Having seen a small local production of Verdi’s Il trovatore in Richmond Hill Saturday night, the tunes & situations were very fresh in my head tonight for a broadcast of a 2012 production of the very same opera with big name talents from La Monnaie directed by one of the hottest young directors in the world, namely Dmitri Tcherniakov.
This is the Tcherniakov who makes his Met debut in a few weeks with a production of Prince Igor. Peter Gelb was quoted in a NY Times article as saying the director “would strip away the usual medieval pageantry and send Igor on a “psychological journey.” I’d already seen something as adventurous in a TFO broadcast last year of Ruslan und Ludmilla that included the most outrageously camp beginning, that was then revealed to be merely a costumed performance, a virtual opera within the opera. What looks conventional turned out to be edgy and provocative.
I did my best to decode Tcherniakov’s take on Trovatore in a single viewing on television (thanks to TFO, the most exciting programming in the area), but would welcome a second look. It’s deep.
The entire opera is set in one room. Azucena and Ferrando seem to work together, handing out printed scenarios to the others –the Count di Luna, Manrico and Leonora—who then roleplay them out in full view of the others, at least until they lose control of the exercise. When they walked into the space at the beginning it felt as though Ferrando and Azucena were real estate agents, with Di Luna & Manrico sizing up the place as though they were potential buyers. As it went along, Ferrando felt more like the man with a memory, the story-teller we’re accustomed to from conventional readings of the opera. The space is classical but timeless, sparsely furnished, and well lit.
We discover that the chorus will not appear. When the men listen to Ferrando telling stories in the first scene, it’s di Luna and Manrico who engage him. When the chorus are written to show fear, these two choristers –the principals that is—laugh it off, until they hear the offstage chorus expressing their fears, and then start to show their doubts. It’s in moments like this that Tcherniakov lures us in, surprising us with depths.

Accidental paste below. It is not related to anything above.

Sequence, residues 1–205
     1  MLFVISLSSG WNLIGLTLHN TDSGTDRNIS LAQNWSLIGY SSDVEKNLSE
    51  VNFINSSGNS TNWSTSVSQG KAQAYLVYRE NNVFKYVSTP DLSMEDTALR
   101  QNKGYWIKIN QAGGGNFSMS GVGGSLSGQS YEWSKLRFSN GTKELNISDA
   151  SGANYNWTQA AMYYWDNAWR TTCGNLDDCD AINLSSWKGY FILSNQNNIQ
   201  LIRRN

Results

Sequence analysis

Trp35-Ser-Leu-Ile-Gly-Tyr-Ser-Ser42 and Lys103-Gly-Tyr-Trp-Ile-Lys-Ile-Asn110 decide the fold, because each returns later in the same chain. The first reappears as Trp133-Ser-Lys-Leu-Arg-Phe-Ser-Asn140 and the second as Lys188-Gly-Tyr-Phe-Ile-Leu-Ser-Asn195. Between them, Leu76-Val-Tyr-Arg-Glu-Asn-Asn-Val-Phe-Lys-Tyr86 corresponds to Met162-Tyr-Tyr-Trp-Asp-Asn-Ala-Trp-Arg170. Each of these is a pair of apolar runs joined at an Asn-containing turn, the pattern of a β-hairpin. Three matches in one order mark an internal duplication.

Where are we exactly? For the first two acts I thought I might be watching a kind of therapy, where Azucena & Ferrando engage with persons or souls such as Di Luna, Manrico & Leonora, who listen to one another as if in group therapy. That changes partway through, as di Luna pulls out a gun, changing the dynamics suddenly from something that seems to be about story-telling, spirits & karma, to something suddenly about power & fear. In due course di Luna shoots Ferrando and then when –in the usual place—discovers he’s been betrayed, shoots Manrico too. With the texts being enacted we are able to have our cake and eat it too, to have cardboard rigidity in some of the lines, with overtones of subtlety & depth.
I’d expressed my scepticism generally about Regietheater approaches to this opera, which I believe is one that is so melodramatic as to resist modernization. But in fairness Tcherniakov brings some wonderful insights into many moments in the scenes, stirring things up. Trovatore is an opera full of stories from long ago, told in a series of scenes that are themselves full of stories. Ferrando tells a story of long ago. Leonora tells Ines about a voice she heard singing. Azucena tells a story about something that happened long ago. And so on and so on. So while the original is melodramatic and in some respects two dimensional, those two dimensional aspects can inform moderns as if they were archetypes. At times it is as though we are watching modern people who have a deep subtext haunting them from another century, or another life. They sing of the old medieval story while looking like moderns. And so, while Leonora ostensibly says she will give herself –future tense—to di Luna, in this story it seems very evident that she’s done so, as we watch them lying onstage for the substantial scene of the last act where Manrico talks to his mother. It’s dense with meanings that I believe would be released even further with multiple viewings.
I continue to be impressed with Tcherniakov, and eagerly anticipate his Prince Igor. For what it’s worth, he was received rapturously by the audience at this live broadcast, which likely wasn’t an opening night. But overall this is Regietheater that works.
The singing is mostly excellent. The women are the best singers in this production. Sylvie Brunet-Grupposo has a stunning voice, offering a rather subtle Azucena, especially in context with the directness of the performances I saw last night. In the first half of Tcherniakov’s reading, we could be at a séance watching people speak of souls from other lives, even when they’re singing passionately about their own lives. Marina Poplavskaya is spectacular throughout, dramatically very complex in her response to the layers implicit in this production. Misha Didyk is a spinto Manrico with no high C but lots of power throughout. Scott Hendricks gives as sympathetic a portrayal of the Count di Luna as one could expect, given Tcherniakov’s overlay. Hendricks is a local favourite, having sung Iago & Amonasro here in recent years.
Marc Minkowski’s conducting was brisk & clear, always helping his singers.
I didn’t see any sites offering anything but PAL discs (which aren’t usually compatible with North American players), and so for the time being I’d be cautious about buying them unless you’re certain you have the right equipment to play that format.